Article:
Photography provides an interesting activity or project for youth of all ages. Photography introduces you to a useful hobby and a career field, giving you educational guidance as you develop skills in taking and using pictures. You will also gain an appreciation of photography as an art, science, and communication tool that will help you to observe and appreciate your surroundings. Photography is an excellent way to record events, ideas, and situations in picture form for later use.
Project Books Required?: Yes
Project books can be purchased HERE
*** Please note, if you do not attend at least one workshop in your project area during the 4-H year, you will be required to complete activities in your project book and turn it in with your record book. The number of activities required to complete a 4-H year in each project book can be found HERE
What needs to be accomplished to move on to level 2?
- I run photography as a "go at your own pace." If 4-H'rs are showing consistent use of techniques and personal growth, then I encourage them to move on to Level 2. Project books are not required in the photography program, but I do recommend Level 1 photographers work their way through the project book to learn a basic overview.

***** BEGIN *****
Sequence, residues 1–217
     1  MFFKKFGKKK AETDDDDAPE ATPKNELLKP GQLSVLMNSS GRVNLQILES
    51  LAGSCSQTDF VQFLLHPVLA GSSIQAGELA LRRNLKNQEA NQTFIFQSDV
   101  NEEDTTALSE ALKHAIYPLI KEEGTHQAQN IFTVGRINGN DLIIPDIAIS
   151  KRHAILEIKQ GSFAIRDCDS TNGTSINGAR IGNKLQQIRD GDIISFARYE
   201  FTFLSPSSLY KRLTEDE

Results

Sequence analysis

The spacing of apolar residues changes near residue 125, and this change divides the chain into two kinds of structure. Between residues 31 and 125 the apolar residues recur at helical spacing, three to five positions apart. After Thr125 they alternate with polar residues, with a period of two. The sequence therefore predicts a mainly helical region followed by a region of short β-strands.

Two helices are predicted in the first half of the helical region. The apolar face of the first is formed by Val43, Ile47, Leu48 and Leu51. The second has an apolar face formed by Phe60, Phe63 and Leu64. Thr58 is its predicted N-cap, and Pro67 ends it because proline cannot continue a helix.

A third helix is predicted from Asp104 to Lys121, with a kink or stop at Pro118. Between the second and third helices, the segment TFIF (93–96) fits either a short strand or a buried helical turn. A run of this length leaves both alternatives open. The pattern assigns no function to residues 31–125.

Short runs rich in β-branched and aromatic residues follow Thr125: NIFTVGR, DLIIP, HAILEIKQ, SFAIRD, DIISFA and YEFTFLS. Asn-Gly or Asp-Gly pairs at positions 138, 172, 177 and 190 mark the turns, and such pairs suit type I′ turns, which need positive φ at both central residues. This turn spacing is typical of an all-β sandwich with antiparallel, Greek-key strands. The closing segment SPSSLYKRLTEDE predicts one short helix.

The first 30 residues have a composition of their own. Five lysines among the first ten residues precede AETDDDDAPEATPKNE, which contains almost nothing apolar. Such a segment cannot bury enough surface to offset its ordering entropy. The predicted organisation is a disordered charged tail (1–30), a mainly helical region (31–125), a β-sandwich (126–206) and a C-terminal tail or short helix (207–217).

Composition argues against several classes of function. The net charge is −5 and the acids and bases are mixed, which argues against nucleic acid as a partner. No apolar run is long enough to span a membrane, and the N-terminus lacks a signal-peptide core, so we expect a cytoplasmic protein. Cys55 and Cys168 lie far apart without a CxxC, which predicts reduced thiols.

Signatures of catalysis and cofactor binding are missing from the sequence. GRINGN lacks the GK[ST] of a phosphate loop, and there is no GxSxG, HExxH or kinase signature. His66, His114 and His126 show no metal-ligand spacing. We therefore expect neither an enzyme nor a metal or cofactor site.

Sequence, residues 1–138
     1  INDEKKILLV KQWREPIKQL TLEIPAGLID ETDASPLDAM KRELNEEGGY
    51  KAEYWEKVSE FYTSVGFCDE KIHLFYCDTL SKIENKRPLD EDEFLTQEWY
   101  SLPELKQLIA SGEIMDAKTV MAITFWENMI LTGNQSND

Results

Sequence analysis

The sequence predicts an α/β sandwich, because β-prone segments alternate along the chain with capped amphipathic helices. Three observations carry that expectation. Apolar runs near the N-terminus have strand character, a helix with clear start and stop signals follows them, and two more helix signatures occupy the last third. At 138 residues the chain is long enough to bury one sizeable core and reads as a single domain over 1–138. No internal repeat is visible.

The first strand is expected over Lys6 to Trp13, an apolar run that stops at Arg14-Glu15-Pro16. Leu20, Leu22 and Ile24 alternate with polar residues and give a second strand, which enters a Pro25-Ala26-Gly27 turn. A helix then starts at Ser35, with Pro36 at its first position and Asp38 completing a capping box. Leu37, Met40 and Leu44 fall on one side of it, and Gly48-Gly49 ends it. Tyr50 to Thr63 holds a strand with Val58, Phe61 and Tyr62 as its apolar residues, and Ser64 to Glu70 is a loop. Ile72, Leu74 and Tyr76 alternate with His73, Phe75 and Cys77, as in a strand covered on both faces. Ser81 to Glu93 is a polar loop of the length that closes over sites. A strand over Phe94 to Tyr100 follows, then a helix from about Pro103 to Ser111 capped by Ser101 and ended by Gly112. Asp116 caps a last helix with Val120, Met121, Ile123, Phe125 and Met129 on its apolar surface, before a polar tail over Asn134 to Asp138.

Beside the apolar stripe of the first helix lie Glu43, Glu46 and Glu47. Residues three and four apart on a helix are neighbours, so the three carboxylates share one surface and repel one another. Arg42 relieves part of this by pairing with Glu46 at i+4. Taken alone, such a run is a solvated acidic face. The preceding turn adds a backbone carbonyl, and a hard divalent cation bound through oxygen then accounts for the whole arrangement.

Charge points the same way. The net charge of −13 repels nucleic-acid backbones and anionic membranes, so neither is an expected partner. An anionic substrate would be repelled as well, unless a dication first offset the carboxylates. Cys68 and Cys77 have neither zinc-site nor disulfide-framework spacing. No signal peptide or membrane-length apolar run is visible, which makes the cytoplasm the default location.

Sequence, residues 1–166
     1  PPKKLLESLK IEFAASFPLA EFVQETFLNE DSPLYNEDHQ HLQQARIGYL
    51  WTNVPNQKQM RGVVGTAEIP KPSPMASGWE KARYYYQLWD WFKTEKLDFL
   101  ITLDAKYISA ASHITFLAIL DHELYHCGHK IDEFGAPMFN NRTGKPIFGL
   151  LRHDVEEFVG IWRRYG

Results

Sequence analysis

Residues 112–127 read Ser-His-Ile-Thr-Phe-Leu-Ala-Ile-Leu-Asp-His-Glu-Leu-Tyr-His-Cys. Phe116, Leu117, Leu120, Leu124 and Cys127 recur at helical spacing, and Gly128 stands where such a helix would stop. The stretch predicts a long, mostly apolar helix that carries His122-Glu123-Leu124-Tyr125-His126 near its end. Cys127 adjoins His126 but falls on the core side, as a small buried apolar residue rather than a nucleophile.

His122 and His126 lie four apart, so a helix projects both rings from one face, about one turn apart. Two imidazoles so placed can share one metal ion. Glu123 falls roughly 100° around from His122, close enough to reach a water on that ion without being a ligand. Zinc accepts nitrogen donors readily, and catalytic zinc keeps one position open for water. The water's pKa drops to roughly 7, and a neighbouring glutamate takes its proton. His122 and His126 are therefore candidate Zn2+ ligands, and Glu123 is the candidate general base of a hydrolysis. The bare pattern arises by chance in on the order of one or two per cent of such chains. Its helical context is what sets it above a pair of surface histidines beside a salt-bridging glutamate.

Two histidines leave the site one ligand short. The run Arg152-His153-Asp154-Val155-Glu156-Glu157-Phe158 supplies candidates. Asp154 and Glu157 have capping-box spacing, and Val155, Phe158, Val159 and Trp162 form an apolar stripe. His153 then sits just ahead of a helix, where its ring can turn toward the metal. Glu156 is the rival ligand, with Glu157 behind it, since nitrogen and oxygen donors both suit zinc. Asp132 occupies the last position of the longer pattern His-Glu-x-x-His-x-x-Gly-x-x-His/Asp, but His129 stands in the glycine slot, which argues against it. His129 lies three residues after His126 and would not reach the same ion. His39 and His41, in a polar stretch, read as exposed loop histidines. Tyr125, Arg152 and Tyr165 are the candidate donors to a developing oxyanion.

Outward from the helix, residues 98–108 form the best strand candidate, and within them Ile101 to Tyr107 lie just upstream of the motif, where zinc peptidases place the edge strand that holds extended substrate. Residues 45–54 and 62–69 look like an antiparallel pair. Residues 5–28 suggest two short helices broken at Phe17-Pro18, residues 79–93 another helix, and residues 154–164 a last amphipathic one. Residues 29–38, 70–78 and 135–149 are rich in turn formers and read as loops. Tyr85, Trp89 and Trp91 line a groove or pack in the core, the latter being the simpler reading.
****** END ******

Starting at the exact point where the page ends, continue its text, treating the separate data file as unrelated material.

What needs to be accomplished to move on to level 3?
- Same as Level 2 promotion: a consistent demonstration of learning, growth and technique. Photography is very subjective as an art form, so I discuss with the kids whether they feel like they should move up.
What needs to be accomplished to move to the next levels from here?
- Regular attendance and participation in workshops, participation in the Photo Show and Fair exhibits, and a clear demonstration of learning, understanding and applying techniques to improve their photography.
How will you be contacted? Website, email and text reminders
Project age limit? 8 and up
The U.S. Department of Agriculture (USDA), Montana State University and the Montana State University Extension Service prohibit discrimination in all of their programs and activities on the basis of race, color, national origin, gender, religion, age, disability, political beliefs, sexual orientation, and marital and family status. Issued in furtherance of cooperative extension work in agriculture and home economics, acts of May 8 and June 30, 1914, in cooperation with the U.S. Department of Agriculture, Jeff Bader, Director of Extension, Extension Service, Montana State University, Bozeman, MT 59717